Trophy hunting is the practice of killing animals and displaying them as trophies on a wall. This frequently debated topic can create polarising views and debates, but by far the majority of the British public wants to see a ban on trophy hunting and especially the UK’s role in this blood sport. The Government has promised as part of its Animal Welfare Action Plan to do something about it - but we need to make sure that there are no loopholes that allow this barbaric industry to thrive.
What is our policy on trophy hunting?
We want to see a total banon the import and export of hunting trophies into the UK, with no loopholes that may assist in the covert trade.
Despite the Governments commitment to end trophy hunting, we need to make sure that there are no exceptions, such as trophies hunted under a ‘conservation enhancement exemption’ or only those that are endangered species, as this will fail to cover issues like canned hunting, where lions are bred in captivity and released for hunts. You can read more about this in our Vicious Cycle report.
Lion numbers have decreased from around 450,000 in the 1950’s to just 15,000 now, with British trophy hunters killing at least 60 lions since the shooting of Cecil in 2015. This cruelty must end. A step like this from the Government would encourage the international community to do the same.
The current state of affairs
While the soon to be published Animal Welfare (Animals Abroad) Bill is set to ban the import of hunting trophies from endangered animals abroad and the Prime Minister’s own personal pledge to “end this barbaric practice”, we do not feel the Government’s commitments go far enough and we need to make sure the Bill, once published, had no loopholes.
This is not an outright ban
Several iconic species would not be included, such as Cape Buffalo (one of Africa’s legendary Big Five species), certain species of zebra, striped hyena, and reindeer.
Conservation exemption puts animals at risk
The Government’s Animal Welfare Action Plan pledges to ensure that UK imports and exports are “not threatening the conservation status of species abroad”. This weak and vague statement would therefore allow UK trophy hunters to claim an exemption on conservation grounds, meaning that critically endangered species like the black rhino could have their parts imported as they could contribute to conservation, where the money goes to local communities and anti-poaching units.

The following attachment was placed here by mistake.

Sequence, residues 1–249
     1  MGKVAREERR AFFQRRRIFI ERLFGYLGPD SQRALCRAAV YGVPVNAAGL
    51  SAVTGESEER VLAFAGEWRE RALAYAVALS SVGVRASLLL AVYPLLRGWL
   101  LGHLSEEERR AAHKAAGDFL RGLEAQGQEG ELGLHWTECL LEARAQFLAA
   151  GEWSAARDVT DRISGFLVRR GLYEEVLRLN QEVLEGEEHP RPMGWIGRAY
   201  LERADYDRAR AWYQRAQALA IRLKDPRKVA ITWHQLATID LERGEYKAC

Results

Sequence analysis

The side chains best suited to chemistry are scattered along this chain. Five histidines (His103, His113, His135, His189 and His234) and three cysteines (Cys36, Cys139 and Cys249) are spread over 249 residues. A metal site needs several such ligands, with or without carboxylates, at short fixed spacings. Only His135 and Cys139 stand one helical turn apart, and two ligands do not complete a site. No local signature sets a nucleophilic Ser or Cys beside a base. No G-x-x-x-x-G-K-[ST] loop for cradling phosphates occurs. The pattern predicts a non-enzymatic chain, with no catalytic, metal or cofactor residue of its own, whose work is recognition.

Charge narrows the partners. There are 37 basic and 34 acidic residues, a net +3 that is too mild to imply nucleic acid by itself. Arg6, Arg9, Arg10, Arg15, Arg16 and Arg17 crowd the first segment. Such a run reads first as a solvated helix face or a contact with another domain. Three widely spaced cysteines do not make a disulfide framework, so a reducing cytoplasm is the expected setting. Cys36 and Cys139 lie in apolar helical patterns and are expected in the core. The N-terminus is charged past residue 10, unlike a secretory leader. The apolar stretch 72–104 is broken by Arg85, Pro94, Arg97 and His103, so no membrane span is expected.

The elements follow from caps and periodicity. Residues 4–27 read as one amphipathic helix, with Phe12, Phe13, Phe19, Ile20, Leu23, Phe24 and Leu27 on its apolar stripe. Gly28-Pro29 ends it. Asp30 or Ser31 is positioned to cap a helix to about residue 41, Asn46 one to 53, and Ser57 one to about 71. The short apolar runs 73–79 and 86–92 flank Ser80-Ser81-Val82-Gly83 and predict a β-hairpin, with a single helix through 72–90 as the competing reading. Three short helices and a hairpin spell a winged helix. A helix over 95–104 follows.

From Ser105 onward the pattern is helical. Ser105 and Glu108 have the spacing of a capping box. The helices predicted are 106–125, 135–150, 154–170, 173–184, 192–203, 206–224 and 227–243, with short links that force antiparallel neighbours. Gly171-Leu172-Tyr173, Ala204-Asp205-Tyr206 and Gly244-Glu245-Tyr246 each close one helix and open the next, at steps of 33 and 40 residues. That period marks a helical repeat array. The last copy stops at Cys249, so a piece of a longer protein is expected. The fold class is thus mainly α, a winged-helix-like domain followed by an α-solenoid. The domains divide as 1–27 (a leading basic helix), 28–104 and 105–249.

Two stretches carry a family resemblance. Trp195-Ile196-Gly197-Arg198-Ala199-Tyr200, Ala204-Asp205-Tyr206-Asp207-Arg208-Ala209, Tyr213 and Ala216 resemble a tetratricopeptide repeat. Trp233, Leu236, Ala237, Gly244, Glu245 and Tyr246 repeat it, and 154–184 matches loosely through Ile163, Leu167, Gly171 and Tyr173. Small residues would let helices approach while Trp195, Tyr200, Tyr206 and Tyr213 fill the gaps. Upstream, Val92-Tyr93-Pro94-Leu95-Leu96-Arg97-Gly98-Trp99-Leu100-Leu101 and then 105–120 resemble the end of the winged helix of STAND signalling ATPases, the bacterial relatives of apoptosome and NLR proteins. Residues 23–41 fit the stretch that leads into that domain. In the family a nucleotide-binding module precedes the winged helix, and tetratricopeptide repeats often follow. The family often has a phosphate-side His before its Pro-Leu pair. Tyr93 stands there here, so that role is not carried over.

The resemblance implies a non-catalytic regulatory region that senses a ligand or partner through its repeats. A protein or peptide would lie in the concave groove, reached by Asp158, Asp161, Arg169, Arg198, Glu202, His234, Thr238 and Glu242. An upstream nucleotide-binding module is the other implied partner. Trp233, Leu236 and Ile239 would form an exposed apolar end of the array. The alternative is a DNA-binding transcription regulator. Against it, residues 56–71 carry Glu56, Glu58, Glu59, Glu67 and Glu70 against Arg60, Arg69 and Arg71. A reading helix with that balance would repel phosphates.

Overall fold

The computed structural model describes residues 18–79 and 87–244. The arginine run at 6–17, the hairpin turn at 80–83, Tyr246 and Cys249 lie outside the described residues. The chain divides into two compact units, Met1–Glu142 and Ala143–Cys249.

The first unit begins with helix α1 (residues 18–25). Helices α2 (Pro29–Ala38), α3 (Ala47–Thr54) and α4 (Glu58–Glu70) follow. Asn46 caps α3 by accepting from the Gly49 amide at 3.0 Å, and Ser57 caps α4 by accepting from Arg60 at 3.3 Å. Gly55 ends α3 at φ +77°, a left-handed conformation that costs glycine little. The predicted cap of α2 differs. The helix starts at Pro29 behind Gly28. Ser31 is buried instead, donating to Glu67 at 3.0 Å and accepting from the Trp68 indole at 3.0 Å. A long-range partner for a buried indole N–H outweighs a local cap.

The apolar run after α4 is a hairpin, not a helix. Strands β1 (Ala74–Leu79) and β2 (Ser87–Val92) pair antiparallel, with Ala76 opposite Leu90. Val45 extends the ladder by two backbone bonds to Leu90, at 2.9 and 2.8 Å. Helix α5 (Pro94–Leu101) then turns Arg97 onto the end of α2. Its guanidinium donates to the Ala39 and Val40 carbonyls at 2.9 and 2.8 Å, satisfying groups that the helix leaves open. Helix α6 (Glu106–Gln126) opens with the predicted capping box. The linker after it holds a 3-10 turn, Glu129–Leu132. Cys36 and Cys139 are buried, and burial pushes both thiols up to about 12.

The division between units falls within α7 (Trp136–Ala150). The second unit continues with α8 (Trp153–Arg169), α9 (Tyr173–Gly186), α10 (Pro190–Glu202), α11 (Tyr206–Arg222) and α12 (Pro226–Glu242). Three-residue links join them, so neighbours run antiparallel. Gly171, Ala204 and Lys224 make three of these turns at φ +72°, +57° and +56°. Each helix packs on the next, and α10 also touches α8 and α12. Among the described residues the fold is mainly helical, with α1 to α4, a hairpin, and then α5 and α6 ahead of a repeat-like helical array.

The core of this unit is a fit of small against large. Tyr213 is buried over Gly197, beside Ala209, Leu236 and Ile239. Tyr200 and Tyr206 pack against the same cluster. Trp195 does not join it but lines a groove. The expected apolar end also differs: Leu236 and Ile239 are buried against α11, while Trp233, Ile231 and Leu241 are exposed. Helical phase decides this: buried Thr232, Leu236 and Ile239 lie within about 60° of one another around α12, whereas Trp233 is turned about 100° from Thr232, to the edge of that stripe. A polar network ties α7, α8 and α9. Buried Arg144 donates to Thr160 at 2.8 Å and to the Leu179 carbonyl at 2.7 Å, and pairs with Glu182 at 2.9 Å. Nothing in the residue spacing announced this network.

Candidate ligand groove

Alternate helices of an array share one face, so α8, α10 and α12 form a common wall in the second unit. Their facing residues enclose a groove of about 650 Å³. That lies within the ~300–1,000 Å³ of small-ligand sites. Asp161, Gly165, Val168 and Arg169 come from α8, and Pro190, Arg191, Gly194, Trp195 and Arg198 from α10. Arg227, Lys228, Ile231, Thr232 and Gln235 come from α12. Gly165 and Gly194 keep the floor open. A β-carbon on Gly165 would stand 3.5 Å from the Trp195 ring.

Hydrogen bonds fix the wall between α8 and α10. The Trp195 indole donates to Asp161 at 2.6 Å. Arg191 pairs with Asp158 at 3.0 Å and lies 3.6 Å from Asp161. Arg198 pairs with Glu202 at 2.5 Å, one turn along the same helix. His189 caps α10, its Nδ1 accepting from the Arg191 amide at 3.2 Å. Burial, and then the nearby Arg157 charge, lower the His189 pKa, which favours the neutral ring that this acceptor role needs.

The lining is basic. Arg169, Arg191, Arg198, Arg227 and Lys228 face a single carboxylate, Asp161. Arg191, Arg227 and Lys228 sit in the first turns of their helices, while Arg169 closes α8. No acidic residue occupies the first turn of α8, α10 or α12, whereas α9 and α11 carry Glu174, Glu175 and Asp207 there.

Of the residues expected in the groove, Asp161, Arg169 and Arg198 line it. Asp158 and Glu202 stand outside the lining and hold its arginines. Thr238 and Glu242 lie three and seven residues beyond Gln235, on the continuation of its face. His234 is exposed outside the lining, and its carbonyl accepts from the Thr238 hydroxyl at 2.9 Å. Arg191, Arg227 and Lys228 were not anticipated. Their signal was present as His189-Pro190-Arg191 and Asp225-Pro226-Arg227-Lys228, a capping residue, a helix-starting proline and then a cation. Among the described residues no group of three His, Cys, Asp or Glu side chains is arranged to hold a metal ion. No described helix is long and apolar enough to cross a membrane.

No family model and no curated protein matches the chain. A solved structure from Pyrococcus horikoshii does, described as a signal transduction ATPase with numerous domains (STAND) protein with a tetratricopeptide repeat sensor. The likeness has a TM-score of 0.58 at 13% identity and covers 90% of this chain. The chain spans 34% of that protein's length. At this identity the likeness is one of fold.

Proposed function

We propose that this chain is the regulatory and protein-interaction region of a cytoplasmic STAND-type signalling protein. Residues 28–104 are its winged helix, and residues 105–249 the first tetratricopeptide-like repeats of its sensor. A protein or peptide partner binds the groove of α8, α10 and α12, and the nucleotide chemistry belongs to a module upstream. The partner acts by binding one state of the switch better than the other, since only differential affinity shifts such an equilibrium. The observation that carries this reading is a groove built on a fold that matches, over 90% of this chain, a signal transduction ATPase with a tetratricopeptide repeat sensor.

Species that are listed as vulnerable or near threatened will not be included
This mention of “endangered species” only means iconic species such as lions, leopards, giraffe, and hippopotamus will not be included as they are all listed as vulnerable by the IUCN Red List.
The import ban does not apply to animals in private keeping
Therefore, captive bred animals can still be killed and imported through canned hunting. Although South Africa has planned to put an end to captive lion breeding, it could take many years to fully implement, meaning that while discussions in South Africa are ongoing, hunters can still import canned lion trophies into the UK.
How you can help
We will continue to keep pressure on ministers and MPs to make sure our concerns are addressed in the newly proposed Animal Welfare (Animals Abroad) Bill when it is published in Parliament, but in the meantime we need your help.
You can contact your local MP to call on them to support this bill when it arrives in the House of Commons, and ensure that all loopholes are closed. You can find out your MP here at Write to Them.